I am writing in reference to your article "China's One Child Left Behind" by Melinda Liu (Jan. 28). China's strict implementation of its one-child policy was the beginning of the harsh ordeal for China's rural poor. But the urban rich came up with novel ways to conveniently avoid the implications of breaking the law. In fact, Asia's rich and powerful, whether in India or China, somehow manage to find an escape route. It is shocking that corrupt officials abducted unregistered children and demanded large "fees" for their release from families who dared to have more than one child. No doubt the one-child policy has stabilized and controlled population growth in China, but it has also made trouble for ordinary people.
Arvind K. Pandey
Allahabad, India

A Coal Miner's Life in China
In your Dec. 17 Periscope item "Panda Lovers Love Coal," you reported that the World Wildlife Fund's climate-change program head in Hong Kong believes that coal should continue to be used over the next three decades. Experts on the environment will be able to evaluate the cost of this to the region's already failing air quality. I would like to draw attention to the human cost. In China, thousands of coal miners die in horrific underground accidents each year. Many more are maimed or permanently incapacitated while undertaking their daily unhealthy work. Legions of other miners will live a shortened life only to die a painful death as a result of lung diseases, such as emphysema, contracted in the mines. Few of these miners have any alternative employment options, and their wages are very low in comparison with the remuneration deemed appropriate to other dangerous jobs, such as those of oil-rig workers. Nor, sadly, are their bereaved relatives generously looked after. Clearly, China's rapid industrialization comes at a great human cost, and it is China's miners who pay that price. While large sums are spent on preserving the panda and other animal species, thousands of Chinese miners meet their deaths at work each year, after short and unenviable lives. Those situated in comfortable Hong Kong offices may be cocooned from this unpleasant truth. Are we spending more on protecting some endangered species of animal while blind to the degradation of human life, which every coal miner knows all too well? It is high time that non-mined sources of energy were developed—not only for obvious environmental reasons, but also to put a stop to future generations of Chinese miners living in misfortune and dying in despair. One would have thought that the World Wildlife Fund should have been the first to say so.
Paul Surtees
Hong Kong

Reflecting on the Rising Price of Oil
In "How Hot Money Is Pushing Oil" (Nov. 26), NEWSWEEK reports that oil's mad rush to upwards of $100 per barrel marks a pivotal transition. This dramatic jump in price—more than 30 percent since last September—has sent the world a chilling warning. In the meantime, conventional wisdom keeps pointing the finger of blame at the exceptional demand from Asian countries, thanks in part to the meteoric growth of India's and China's economies. But there are other factors also: an untimely shortage of reserves in the United States, OPEC's reluctance to push up daily production, the weak greenback that continues to slide steadily downward and the jittery political situation in Iran. Notwithstanding the fact that each of these reasons could be a contributing factor, we seem to forget that the rich nations continue to ignore their own excessive and extravagant consumption and the energy they waste to maintain their luxurious lifestyles. When the affluent nations across the world learn to use less oil, up-and-coming countries will become more efficient in their energy use, too. The search for alternative, renewable energy sources will speed up, and then no one will worry if the price of oil shoots up to $200.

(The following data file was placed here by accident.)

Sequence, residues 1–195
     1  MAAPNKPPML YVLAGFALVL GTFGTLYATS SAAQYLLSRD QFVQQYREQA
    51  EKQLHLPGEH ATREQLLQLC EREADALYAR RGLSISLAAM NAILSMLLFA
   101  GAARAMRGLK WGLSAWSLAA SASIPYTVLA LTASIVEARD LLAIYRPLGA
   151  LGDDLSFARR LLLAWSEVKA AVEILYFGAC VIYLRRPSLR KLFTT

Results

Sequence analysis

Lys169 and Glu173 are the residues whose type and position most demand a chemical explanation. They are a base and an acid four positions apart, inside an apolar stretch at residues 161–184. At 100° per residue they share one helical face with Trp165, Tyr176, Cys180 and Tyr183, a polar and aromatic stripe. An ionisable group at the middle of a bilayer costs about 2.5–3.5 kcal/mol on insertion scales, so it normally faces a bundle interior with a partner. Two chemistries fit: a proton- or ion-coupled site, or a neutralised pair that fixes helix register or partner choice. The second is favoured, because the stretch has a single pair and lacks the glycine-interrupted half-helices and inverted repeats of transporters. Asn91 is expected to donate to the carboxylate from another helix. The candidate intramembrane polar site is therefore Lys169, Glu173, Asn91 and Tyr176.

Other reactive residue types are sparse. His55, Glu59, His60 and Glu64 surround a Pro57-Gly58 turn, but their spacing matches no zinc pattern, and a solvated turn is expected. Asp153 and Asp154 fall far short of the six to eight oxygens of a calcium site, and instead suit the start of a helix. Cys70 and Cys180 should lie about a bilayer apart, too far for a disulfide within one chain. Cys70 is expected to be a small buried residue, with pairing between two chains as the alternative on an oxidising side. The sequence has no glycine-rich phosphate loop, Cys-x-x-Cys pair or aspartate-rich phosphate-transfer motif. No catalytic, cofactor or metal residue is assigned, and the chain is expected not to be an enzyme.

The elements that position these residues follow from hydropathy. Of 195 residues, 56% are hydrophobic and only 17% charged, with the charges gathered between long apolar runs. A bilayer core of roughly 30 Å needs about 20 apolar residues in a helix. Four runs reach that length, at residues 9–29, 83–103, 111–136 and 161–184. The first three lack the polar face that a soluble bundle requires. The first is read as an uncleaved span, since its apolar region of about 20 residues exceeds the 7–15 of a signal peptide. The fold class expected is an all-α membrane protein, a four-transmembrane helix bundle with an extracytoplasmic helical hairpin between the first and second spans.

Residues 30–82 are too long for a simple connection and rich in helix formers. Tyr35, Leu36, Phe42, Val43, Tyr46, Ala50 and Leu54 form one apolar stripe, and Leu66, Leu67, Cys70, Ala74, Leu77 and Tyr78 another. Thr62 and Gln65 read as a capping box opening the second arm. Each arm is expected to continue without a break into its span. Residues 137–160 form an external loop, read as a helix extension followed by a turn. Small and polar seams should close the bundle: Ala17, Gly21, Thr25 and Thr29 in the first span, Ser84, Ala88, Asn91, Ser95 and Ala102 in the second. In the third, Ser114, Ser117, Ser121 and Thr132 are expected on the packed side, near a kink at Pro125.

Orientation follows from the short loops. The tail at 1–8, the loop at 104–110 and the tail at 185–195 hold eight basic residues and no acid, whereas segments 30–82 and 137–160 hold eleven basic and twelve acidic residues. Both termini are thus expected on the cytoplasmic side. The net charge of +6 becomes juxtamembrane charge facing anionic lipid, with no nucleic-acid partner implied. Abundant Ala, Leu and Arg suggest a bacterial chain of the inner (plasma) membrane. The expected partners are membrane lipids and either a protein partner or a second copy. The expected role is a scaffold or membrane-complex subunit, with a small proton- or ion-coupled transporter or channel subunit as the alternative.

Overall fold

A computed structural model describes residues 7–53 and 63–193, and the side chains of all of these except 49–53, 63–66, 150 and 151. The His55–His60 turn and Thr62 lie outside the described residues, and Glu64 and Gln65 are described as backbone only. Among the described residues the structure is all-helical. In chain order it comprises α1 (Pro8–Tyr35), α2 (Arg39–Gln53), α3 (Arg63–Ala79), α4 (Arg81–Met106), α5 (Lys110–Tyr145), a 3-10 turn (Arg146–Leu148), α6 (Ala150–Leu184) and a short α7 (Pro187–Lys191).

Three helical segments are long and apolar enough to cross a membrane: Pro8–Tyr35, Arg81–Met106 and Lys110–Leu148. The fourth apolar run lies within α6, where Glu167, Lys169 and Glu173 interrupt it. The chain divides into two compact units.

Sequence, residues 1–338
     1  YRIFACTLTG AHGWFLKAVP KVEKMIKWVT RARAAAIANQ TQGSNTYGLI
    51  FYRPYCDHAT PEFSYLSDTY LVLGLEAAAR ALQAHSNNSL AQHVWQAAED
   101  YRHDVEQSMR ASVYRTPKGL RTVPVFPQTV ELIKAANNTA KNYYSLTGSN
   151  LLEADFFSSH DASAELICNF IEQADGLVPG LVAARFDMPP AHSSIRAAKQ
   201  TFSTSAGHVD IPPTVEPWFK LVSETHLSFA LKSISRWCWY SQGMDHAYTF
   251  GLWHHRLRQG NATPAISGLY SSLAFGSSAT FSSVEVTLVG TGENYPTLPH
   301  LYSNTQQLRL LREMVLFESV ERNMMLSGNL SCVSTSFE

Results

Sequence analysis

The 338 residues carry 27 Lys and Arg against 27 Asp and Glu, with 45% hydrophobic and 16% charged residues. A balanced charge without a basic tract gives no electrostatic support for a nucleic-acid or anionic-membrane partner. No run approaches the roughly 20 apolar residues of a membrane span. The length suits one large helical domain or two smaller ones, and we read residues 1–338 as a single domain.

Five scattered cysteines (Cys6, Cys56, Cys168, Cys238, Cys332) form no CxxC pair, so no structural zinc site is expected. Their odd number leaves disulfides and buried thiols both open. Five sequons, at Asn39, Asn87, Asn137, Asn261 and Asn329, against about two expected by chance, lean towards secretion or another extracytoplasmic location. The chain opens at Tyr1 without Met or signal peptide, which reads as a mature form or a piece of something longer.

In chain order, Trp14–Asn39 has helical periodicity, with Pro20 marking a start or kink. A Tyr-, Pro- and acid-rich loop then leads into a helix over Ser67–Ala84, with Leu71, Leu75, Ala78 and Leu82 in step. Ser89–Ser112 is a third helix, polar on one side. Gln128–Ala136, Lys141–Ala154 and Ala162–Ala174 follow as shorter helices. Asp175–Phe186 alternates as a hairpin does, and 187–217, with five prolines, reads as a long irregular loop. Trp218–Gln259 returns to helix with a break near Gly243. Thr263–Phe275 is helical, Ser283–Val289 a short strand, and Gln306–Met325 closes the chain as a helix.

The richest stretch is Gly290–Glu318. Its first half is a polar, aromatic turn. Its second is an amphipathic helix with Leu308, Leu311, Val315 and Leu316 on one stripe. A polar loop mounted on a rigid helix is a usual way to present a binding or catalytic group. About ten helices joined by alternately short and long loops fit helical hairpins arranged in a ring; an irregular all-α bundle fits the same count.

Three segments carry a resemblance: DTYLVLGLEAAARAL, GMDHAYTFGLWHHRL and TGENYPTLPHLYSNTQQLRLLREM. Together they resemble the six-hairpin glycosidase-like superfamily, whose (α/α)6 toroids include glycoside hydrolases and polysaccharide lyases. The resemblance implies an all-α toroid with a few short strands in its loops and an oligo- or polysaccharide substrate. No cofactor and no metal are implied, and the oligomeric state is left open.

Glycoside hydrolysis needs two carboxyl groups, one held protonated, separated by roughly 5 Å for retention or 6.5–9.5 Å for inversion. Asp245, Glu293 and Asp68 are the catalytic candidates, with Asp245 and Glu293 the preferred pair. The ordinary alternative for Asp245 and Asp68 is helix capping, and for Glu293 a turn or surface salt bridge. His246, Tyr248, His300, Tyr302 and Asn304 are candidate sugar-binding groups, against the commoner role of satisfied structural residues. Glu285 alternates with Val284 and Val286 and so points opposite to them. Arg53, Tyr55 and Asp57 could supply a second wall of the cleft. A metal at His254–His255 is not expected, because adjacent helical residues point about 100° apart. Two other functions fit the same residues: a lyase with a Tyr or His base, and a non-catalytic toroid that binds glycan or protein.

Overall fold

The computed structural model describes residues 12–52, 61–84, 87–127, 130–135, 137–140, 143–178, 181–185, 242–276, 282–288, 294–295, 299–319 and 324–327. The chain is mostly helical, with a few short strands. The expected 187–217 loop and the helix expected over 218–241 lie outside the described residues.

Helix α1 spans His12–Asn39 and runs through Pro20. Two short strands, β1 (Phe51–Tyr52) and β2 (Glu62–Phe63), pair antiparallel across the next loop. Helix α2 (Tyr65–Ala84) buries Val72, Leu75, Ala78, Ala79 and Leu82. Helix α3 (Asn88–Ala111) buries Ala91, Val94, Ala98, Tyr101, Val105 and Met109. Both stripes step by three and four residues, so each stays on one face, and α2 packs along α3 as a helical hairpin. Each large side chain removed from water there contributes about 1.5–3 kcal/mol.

Tan Boon Tee
Penang, Malaysia

A Field of Mirrors to the Rescue?
Your Nov. 26 article "It's All About Energy, Stupid!" quotes physicist David Mills as saying, "A field of mirrors 91 miles square could power the entire United States." Your writers then add: "Though that field is unlikely to ever be built—strong-enough transmission lines don't exist …" But apparently they do. The World Bank has published a technology review of an innovation in power transmission called high-voltage direct current. The article, by Swedish and American researchers, can be found at, the World Bank's Web site. Of course, traditionally all electrical transmission is by AC, alternating current. Older technologies meant that direct current, DC, could be sent only short distances with low voltages. The World Bank claims that new DC cables made of extruded polyethylene that transmit higher voltages could now make economic sense over as little as 60 kilometers. A graph in the aforementioned article shows AC costs exceeding DC costs beyond about 650 kilometers. Most important, though the initial electricity loss on a DC line is higher, it does not increase with distance. On AC systems, by contrast, the longer the line, the more you lose. There is no inherent limit on the length of a DC cable. Already there is a line in the Democratic Republic of Congo that is 1,700 kilometers long. Perhaps someone should inform your writers.
Alan Lew
Rihov, Czech Republic

You are absolutely correct in saying that the development of renewable energy resources "is especially attractive in California, where public utilities are required to get 20 percent of their power from renewable sources." However, a California law (which I authored in 2006) requires that 20 percent target to be reached by 2010, not 2015, as NEWSWEEK reported. As your story rightly points out, renewable energy sources can and will be developed when and where the market exists. California's "20 percent by 2010" is an ambitious but achievable goal. I believe it is a catalyst that spurs investment and drives innovation. The next logical step is a commitment to 33 percent by 2020. Legislation to that effect has cleared the California State Senate and awaits action next year in the California State Assembly. Stay tuned, NEWSWEEK.
Joe Simitian
State Senator
Palo Alto, California